Hackett, Sir Thomas (d. 1706), merchant, banker, and Jacobite mayor of Dublin, was the second of two sons of James Hackett, of a family long established in Co. Tipperary. His mother was Alson Hackett, daughter of Jasper White, and he had three sisters. He was engaged in foreign trade out of Dublin by 1666, and his business associates included Sir Daniel Arthur (qv) and George Macartney (qv). He acquired much property including houses on Merchants Quay in Dublin, where he lived, and land in counties Dublin, Westmeath, and Limerick. He was a banker, and members of the Old English nobility and gentry were prominent among his debtors. He was connected by marriage and other ties to important catholic merchant families such as the Arthurs and the Creaghs (one of whom – Sir Michael (qv) – succeeded Hackett in the mayoralty of Dublin in 1688), and was a friend and protégé of Richard Talbot (qv), earl of Tyrconnell, lord deputy to King James II (qv).
He enjoyed brief political prominence during the reign of James, who in October 1687 made him lord mayor of Dublin (1687–8) and knighted him. William King (qv), the protestant chronicler of Jacobite Ireland, gives a very hostile account of Hackett's mayoralty, claiming he did ‘many brutish and barbarous things’ to protestants. These included arresting a nephew and son-in-law of Archbishop Michael Boyle (qv) for ‘refusing to contribute to the maintenance of two begging friars’, and committing ‘the officers of Christ-Church, Dublin, to the stocks, because he fancied they did not make the bells ring merrily enough for the birth of the prince of Wales’. Sir Thomas sat for the borough of Portarlington in King James's Irish parliament in 1689 and, probably in the same year, was deputy lieutenant and a justice of the peace in Dublin.
The war and defeat of James's cause were disastrous for him; he was on the first list of Jacobites outlawed and most of his properties were seized. In addition he became deeply indebted, probably because of the disruption to his trading interests, and he claimed in 1696 that he had lost about £13,000. He had a pass in 1694 to go to Holland, where his activities were monitored by English government officials who believed him to be an agent of the Jacobite court at Saint Germain. He and another merchant called Hackett, in Rotterdam during 1694–6, were suspected of transmitting correspondence between England and Saint Germain, and providing passage to England for Jacobite spies and deserters from the English armies in Flanders. In 1698 there was a warrant for Sir Thomas's arrest, for returning to England without licence.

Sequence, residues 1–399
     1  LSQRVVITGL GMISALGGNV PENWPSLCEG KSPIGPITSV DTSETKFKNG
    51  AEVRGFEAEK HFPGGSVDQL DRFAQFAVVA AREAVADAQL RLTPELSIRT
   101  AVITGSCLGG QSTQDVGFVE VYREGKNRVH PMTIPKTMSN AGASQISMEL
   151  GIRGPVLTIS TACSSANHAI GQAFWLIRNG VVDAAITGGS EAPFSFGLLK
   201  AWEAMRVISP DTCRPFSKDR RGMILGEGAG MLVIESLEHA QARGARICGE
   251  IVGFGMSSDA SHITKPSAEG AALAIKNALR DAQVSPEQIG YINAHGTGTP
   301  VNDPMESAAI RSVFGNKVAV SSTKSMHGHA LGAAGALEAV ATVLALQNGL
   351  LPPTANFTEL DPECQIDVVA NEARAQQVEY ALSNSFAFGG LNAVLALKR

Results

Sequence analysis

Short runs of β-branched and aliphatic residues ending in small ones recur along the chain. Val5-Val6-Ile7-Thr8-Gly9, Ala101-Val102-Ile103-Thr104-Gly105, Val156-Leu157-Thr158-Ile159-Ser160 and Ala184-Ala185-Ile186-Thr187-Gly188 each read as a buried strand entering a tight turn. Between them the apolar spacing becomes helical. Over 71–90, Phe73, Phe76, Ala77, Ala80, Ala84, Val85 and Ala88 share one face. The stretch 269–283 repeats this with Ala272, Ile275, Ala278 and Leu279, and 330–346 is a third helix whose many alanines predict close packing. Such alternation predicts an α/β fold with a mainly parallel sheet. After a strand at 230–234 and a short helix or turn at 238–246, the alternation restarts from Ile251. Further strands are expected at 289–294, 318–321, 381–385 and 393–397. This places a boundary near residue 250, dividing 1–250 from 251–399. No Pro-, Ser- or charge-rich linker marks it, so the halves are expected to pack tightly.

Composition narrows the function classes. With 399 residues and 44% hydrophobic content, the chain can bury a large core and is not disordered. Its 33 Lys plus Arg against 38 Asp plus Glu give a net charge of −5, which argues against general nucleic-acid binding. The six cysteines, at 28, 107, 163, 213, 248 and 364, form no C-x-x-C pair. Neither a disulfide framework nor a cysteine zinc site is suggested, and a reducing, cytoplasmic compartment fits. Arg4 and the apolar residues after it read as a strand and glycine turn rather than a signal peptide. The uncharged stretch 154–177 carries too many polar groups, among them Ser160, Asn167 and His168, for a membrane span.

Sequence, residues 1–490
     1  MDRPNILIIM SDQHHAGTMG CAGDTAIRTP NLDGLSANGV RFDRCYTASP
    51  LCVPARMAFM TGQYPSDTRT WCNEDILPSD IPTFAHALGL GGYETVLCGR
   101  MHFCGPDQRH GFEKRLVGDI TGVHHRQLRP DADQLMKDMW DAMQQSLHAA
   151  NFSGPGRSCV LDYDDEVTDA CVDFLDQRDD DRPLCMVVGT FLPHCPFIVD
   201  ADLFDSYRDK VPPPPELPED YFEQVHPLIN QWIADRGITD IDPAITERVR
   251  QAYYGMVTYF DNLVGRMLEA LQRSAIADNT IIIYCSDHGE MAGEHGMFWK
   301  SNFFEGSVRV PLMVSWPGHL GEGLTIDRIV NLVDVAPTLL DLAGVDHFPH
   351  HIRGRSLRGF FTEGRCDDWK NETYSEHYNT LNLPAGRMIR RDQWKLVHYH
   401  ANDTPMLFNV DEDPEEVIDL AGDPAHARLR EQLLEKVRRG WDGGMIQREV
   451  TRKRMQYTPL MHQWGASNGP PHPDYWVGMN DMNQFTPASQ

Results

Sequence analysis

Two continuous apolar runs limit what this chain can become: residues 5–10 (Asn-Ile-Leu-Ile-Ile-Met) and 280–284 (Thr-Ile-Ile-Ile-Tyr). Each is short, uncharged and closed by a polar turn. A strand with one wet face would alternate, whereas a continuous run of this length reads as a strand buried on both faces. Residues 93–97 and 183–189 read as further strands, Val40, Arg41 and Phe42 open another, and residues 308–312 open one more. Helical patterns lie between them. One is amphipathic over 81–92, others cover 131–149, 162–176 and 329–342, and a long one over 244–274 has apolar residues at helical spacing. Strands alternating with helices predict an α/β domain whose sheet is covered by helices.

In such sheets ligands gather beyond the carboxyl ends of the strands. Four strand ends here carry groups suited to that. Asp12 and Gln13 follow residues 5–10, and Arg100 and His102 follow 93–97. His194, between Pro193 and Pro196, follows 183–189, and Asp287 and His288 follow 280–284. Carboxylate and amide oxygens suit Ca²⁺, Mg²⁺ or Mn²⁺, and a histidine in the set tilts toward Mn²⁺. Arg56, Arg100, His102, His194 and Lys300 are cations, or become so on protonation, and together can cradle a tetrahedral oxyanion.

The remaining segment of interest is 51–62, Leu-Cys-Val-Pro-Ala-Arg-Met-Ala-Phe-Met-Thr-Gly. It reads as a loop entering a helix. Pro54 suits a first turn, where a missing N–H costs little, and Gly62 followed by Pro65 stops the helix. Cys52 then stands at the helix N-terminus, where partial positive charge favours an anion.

He attended hearings of the trustees for the forfeited lands in Dublin in 1700 as a witness, and as such was granted legal protection by the trustees. When one of Hackett's creditors tried to have him arrested by the under-sheriff of Dublin, the trustees had the official arrested resulting in a jurisdictional dispute with the Irish courts. In 1705 his creditors petitioned the Irish house of commons for relief and, with Hackett's consent, an act appointing trustees to sell his estates was passed. The act's preamble noted that Hackett, then imprisoned in Dublin for debt, was also a substantial creditor but because of his outlawry was unable to sue for money owed to him. He died in 1706 (will proved 20 July). His wife was Mary, daughter of John Arthur, perhaps the husband and cousin of Dymphna, daughter of Dr Thomas Arthur (qv). Dame Mary was alive in 1705, and Sir Thomas was survived by a son and five daughters.
The disposal of Sir Thomas's assets was a complex affair, and the occasion of repeated complaints to the Irish and British parliaments. The Irish parliament passed a second, explanatory, act in 1707, and the Hackett children petitioned for the preservation of their entitlements. The guardian of Sir Thomas's son John was very hostile to the trustees, who included Robert Rochfort (qv) and William Conolly (qv). He sought a private act of the British house of commons in 1708 to curb the trustees, but proceedings were abandoned after a committee hearing ‘was the occasion of drawing several papists together about this house, contrary to her majesty's proclamation’ (Commons jn. [Eng.]., vol. xv, 600). He returned to the British commons in 1709 but the trustees petitioned against his bill, which was not reported. His petitions to the Irish house of commons for a private act, in 1710 and 1711, were also fruitless. The trustees meanwhile had sold the Hackett estates in 1708–9, raising over £15,000. John Hackett (d. 1760), was an ‘infant’ in 1708 and a minor in 1709 and 1710. He probably was not the John Hackett returned for the borough of Mullingar to the Irish house of commons in 1727, and declared not duly elected in 1728.
Sir Thomas's elder brother, George, married a Dutch woman, Katherine Drull, and had a son and a grandson who were in the service of the house of Orange. The Hackett of Rotterdam associated with Sir Thomas in the 1690s may have been a relation; and may have been the John Hackett, merchant, of Rotterdam who in 1712 was an important link between the exiled Jacobite court and its followers in England (including the Irishman John Plunket (qv)).Two of Sir Thomas's daughters were in France in the reign of Anne. One of them, Catherine, returned in 1711, and outraged her Irish kinsman and host, John Arthur of Cabraugh, Co. Dublin. He alleged that she, nearly forty years of age, seduced and contracted a clandestine marriage with his sixteen-year-old son Benedict – but not before divesting herself of her own property in favour of her siblings.
Glenstal Abbey, Murroe, Co. Limerick, has manuscripts relating to Sir Thomas's landholdings in that district, and a unique printed copy of the act of 1705. The Gilbert Library in Pearse Street, Dublin, has records of the trustees appointed to sell Hackett's lands, and Hampshire Record Office has a copy of John Hackett's British bill.